MoR has no authority for performance review or setting work tasks. Distinct from coaching, it provides four key value adds:
- Builds talent pool capability - brings a wider perspective of the organisation in managing career development. Supports broad based succession planning at all levels, enabling managerial leaders to assess development priorities and capability gaps.
- Ensures fairness and objectivity - provides a forum for board members to understand how the executive team perceive the CEO, chairman and board are leading the organisation and allows for a consistent understanding of intent, strategies and risk.
- Ensures quality of leadership - provides a first-hand opportunity to form views on the quality of leadership at the skip level and possibly to mentor executives.
- Tests alignment of understanding - by identifying different perspectives across the team, including emerging issues/challenges not previously obvious to the board.
MoR also assists in reviewing performance in close collaboration with the CEO and informs the remuneration committee.
Using the MoR process for the first time, chairman of South Australian aged care provider Life Care, John Stock, observed: “The opportunity of meeting as an MoR with our key executives was particularly meaningful for them and for me… The executives relished the opportunity of discussing directly with the chairman their perceptions of the organisation; of their roles and perceived contribution; and their professional development aspirations. We were able to share some of the key challenges facing the board and the leadership of the organisation and its impact for them. Future MoR meetings - at all levels – will enhance our talent management and human resource planning.”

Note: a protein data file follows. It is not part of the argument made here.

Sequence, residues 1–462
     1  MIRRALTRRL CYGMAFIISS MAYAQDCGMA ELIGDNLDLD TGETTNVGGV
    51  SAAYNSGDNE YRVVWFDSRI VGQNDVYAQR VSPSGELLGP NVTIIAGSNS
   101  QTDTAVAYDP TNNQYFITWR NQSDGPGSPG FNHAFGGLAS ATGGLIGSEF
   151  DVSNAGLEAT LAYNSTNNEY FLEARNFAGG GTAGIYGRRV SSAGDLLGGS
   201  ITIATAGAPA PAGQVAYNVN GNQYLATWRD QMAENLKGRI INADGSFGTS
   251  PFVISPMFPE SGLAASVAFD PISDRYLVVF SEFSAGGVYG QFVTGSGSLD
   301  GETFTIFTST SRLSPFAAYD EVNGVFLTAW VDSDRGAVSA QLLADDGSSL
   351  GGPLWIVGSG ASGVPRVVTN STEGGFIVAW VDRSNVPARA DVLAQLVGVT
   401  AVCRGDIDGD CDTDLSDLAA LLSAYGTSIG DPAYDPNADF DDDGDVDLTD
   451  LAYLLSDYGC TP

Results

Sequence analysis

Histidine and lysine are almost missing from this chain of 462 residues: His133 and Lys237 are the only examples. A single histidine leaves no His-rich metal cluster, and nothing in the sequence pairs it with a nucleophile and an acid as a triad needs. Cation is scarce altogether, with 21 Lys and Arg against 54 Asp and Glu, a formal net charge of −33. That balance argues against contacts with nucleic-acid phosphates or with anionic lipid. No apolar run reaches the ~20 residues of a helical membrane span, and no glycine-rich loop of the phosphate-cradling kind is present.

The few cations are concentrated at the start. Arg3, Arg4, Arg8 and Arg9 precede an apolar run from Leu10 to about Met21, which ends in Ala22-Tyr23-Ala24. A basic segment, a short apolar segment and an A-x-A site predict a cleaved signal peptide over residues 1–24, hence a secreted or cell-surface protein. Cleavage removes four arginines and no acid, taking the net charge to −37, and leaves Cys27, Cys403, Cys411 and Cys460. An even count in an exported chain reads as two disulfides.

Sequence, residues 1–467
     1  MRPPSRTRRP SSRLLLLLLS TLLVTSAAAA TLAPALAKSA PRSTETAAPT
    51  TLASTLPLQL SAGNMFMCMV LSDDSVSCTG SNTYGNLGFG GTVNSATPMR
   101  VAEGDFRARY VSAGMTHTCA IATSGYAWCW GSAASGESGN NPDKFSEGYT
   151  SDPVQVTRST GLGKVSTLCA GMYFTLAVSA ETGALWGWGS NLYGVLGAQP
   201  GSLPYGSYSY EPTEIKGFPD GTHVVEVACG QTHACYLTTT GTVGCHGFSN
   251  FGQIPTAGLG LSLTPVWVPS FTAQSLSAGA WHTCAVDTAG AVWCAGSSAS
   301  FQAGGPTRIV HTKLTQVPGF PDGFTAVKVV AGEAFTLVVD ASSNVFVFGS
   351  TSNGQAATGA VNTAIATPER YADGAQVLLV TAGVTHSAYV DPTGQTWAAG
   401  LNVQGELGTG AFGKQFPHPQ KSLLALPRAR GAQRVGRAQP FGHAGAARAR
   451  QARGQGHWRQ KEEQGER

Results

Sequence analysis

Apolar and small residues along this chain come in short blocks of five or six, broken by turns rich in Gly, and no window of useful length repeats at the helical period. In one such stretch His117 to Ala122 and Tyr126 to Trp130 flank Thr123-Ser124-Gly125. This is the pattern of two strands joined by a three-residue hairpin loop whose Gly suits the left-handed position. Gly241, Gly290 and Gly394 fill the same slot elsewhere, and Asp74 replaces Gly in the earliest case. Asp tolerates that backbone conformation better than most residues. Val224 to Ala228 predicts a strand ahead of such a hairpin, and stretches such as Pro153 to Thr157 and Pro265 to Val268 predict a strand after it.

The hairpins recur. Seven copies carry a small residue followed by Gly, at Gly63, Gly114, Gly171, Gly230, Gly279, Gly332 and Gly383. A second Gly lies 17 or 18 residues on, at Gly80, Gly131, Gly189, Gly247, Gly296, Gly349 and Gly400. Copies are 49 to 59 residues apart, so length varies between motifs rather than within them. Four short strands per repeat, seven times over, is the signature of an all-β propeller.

In conclusion, talent attraction and retention depends on having an effective structure and employees who are inflow with the complexity of their roles.
The more complex the enterprise, the greater the requirement for boards to ensure this alignment.
The board’s role is increasingly critical in ensuring an understanding of the leadership gene pool, because high-potential talent is a scarce resource.